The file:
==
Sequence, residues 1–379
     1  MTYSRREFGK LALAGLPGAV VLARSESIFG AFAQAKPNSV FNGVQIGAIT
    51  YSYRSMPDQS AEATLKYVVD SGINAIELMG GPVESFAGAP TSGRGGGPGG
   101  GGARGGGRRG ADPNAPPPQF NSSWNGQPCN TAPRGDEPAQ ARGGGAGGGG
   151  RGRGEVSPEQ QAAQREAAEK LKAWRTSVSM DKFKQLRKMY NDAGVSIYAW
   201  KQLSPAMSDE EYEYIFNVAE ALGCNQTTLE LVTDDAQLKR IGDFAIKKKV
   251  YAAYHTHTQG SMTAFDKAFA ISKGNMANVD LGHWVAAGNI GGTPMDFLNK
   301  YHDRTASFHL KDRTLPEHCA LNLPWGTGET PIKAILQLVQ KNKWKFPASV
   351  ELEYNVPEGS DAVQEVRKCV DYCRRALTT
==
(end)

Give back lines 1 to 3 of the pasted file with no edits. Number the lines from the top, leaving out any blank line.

Sequence, residues 1–379
     1  MTYSRREFGK LALAGLPGAV VLARSESIFG AFAQAKPNSV FNGVQIGAIT
    51  YSYRSMPDQS AEATLKYVVD SGINAIELMG GPVESFAGAP TSGRGGGPGG